How faster internet could lead to cyberattacks on steroids

Register now

This story is the first installment in Credit Union Journal’s ongoing special report on cybersecurity, which will run throughout the month of October.

Nearly two years ago, fraudsters robbed a casino blind, at least of its database, through an unlikely vulnerability — a thermometer in the casino lobby’s fish tank.

The rise of 5G — the fifth generation of wireless communication standards — is expected to increase connectivity speed and data transfers. That will enable different types of wireless devices, such as fish tanks, to connect to the internet and transmit a wider bandwidth of data at a faster pace.

But all of this has a downside. With the onset of more devices connecting to the internet, attacks that were once unimaginable, like hackers stealing data through a fish tank, have become reality. As a result, credit unions will have a harder time defending themselves against cybercriminals.

“We’re trying to move to a more automated approach in identifying threats and pointing out to human beings what to look at,” said Rob Hoyle, chief information officer at the $971 million-asset Credit Union of America in Wichita, Kan. “That will play into the 5G conversation pretty significantly.”

The adoption of 5G is expected to ramp up in 2020, making it more difficult for financial institutions to patch their vulnerabilities against attacks, according to Justin Fier, Darktrace’s director for cyber intelligence. Basically, combining the internet of things — or IoT, meaning any gadget that has the ability to connect to the internet — with 5G is the equivalent of injecting steroids into these cyberattacks.

“From a security standpoint, we’re only just getting a handhold of IoT devices,” Fier said. “When you’re talking 5G being as little as a year out and this explosion of unregulated IoT devices, that’s a scary thought.”

That means that more types of devices connecting to the web are becoming fair game for fraudsters. And though some may snicker about it now, it’s not too far-fetched to picture a hacker penetrating a network through something like a smart toaster, left in the kitchen of an institution.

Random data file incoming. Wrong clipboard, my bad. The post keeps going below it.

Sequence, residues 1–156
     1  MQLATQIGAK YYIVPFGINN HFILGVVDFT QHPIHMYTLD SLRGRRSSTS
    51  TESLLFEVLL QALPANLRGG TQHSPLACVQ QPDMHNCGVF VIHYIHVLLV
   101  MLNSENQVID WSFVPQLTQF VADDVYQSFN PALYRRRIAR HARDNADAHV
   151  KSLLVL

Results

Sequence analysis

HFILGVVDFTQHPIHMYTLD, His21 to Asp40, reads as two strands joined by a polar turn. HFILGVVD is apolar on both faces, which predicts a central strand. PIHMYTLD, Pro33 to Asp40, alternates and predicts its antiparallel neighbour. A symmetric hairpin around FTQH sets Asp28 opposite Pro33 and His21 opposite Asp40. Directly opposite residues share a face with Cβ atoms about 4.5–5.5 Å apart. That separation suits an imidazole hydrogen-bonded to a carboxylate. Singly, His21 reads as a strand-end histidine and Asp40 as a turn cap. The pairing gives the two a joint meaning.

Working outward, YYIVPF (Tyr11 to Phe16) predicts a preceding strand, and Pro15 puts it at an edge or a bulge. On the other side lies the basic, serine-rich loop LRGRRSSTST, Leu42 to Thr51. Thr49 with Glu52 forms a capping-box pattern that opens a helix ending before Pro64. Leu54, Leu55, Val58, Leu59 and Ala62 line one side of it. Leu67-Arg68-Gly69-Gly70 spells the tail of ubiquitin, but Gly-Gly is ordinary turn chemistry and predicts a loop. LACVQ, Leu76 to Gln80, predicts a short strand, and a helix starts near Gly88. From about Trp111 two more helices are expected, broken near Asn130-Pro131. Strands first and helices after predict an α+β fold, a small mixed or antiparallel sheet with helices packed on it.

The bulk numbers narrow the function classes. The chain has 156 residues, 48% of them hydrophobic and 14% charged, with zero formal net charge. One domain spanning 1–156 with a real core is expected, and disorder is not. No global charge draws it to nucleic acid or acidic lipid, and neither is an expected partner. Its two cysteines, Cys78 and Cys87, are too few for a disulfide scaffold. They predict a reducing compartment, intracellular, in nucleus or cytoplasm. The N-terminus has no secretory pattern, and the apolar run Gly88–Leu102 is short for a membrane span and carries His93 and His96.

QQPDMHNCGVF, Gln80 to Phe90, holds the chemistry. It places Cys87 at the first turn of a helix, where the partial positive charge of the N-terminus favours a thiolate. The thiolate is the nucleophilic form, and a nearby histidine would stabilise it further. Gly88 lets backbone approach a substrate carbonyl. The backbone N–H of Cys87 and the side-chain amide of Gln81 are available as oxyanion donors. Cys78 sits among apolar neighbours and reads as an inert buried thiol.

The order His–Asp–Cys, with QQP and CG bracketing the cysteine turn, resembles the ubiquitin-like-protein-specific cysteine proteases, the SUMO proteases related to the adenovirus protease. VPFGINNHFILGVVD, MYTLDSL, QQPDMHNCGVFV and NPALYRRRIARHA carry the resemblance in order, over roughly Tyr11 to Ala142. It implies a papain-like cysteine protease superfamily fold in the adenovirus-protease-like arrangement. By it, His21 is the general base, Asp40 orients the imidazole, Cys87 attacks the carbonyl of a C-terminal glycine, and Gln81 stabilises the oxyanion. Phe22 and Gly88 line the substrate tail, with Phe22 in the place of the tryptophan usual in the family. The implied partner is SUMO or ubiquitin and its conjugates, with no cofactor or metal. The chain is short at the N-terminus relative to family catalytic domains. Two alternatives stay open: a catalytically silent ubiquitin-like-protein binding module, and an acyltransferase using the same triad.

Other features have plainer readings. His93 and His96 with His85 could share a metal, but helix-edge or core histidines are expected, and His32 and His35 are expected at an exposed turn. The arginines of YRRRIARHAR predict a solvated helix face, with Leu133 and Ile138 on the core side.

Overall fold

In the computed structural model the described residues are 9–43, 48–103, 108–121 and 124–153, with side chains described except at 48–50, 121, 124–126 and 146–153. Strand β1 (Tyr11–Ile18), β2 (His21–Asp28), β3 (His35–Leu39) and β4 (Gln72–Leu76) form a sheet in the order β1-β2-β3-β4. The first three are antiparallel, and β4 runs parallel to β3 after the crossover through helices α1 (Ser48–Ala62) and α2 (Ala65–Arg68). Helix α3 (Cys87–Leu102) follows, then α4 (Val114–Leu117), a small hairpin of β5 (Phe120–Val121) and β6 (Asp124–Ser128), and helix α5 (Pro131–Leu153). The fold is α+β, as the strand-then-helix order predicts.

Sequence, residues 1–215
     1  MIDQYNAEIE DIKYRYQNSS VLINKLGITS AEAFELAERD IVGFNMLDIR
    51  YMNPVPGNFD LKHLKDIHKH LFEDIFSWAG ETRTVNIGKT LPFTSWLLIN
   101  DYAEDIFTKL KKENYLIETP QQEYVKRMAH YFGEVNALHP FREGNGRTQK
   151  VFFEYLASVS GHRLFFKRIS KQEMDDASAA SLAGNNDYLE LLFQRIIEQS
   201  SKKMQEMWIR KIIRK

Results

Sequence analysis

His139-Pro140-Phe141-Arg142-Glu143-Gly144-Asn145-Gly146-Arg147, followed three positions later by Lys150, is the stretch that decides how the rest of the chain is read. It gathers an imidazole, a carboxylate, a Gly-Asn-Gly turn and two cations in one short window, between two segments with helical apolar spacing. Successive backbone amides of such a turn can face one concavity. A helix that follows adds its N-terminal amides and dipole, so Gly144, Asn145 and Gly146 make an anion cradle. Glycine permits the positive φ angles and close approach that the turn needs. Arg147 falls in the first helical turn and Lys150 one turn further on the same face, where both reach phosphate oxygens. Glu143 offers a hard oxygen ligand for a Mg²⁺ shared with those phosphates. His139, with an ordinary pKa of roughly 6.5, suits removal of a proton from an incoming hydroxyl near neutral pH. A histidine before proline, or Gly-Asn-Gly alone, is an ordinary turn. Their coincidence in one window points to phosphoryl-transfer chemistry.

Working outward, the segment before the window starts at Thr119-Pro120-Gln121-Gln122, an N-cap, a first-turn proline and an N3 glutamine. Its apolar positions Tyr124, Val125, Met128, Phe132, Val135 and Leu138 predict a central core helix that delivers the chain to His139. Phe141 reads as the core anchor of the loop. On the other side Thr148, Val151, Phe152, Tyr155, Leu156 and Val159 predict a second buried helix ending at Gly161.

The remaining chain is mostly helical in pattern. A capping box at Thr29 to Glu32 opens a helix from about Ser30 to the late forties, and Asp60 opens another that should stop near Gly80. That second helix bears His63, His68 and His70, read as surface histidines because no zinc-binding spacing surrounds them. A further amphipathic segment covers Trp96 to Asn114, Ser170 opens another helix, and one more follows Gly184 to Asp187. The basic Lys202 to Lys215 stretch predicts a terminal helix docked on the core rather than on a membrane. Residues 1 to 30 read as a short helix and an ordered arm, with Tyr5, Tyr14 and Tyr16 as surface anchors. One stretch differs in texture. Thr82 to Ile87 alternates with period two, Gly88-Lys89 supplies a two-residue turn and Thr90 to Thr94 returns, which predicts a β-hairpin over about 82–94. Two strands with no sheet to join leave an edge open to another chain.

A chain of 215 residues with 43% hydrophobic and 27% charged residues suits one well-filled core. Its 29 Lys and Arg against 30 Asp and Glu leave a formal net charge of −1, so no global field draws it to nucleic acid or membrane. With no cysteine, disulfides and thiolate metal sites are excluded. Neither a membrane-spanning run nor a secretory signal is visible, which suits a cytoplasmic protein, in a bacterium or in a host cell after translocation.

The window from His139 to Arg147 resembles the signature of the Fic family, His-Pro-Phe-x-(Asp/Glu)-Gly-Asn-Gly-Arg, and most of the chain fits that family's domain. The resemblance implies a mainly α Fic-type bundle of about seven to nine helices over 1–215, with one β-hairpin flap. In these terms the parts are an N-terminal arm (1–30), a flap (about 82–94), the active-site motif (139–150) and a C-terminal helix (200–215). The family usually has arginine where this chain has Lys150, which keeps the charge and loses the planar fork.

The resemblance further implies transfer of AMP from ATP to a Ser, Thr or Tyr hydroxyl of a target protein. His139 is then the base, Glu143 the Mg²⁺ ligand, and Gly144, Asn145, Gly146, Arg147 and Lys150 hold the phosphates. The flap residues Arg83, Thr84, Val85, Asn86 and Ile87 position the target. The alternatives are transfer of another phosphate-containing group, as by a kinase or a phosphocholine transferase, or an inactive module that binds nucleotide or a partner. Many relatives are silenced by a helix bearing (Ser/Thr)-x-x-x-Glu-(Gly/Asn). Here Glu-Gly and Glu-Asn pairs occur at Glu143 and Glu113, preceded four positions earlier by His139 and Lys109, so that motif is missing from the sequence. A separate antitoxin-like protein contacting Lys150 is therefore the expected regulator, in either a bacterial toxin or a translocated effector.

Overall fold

The global market for IoT devices continues to expand. The industry was valued at $190 billion in 2018 and is expected to reach $1.11 trillion by 2026, according to a report from Fortune Business Insights. There is even the possibility that ATMs will switch over to 5G, Fier said.

“I think the new threat with 5G is that its internet of things related,” Hoyle said. “There’s so many devices that are in play that are a huge problem.”

One of Fier’s favorite questions to ask clients is whether they know how many nontraditional devices they have on their network with a 5% margin of error. He has discovered that most people underestimated that number by 15% to 20%.

Although the new standard set forth by 5G may be exciting for consumers, it places even more pressure on financial institutions to protect against cybercrime. For one, data can flow through networks at a faster rate. That increases credit unions’ exposure to potential hacking.

“With increased speed will probably come reduced time for the institution to respond to incoming threats or requests,” said Jason Bernstein, a partner at the law firm Barnes & Thornburg. “Also, larger malware packages could be delivered to institutions faster, or by more wireless devices and harder to detect the wireless devices.”

IoT attacks can have a domino effect as well. Once hackers are able to breach one area they may discover other vulnerable devices to exploit. For example, Microsoft previously reported that Russian hackers had penetrated IoT devices that granted them access to private networks. That allowed the hackers to discover other unsecure IoT devices.

What is especially worrisome for credit unions is that even common devices and security measures can be manipulated against an institution, Hoyle said. For example, a hacker could infiltrate an iPhone’s pass lock and then manipulate the device to relay information back to them.

Credit unions can protect themselves by layering in multiple security steps, Hoyle said. They should also re-evaluate their insurance policies and consider adding more specific cyber insurance policies, added Scott Godes, a partner at Barnes & Thornburg. That could help cover any potential losses from a breach.

“A best practice would be to consider how broad the scope of coverage is within the policies, and whether there are exclusions that an aggressive insurance company could cite to try to limit coverage in case of an event like that,” Godes said.

Still, 5G remains unchartered territory, meaning many credit unions may be in a holding pattern until they have a firmer grasp on the technology. But the pressure is still on to guard against hackers.

“Financial institutions need to start thinking differently about their security,” Fier said. “Ask questions that may have been absolutely crazy years ago, but are not anymore.”

For reprint and licensing requests for this article, click here.
Internet of things Cyber security Cyber attacks Malware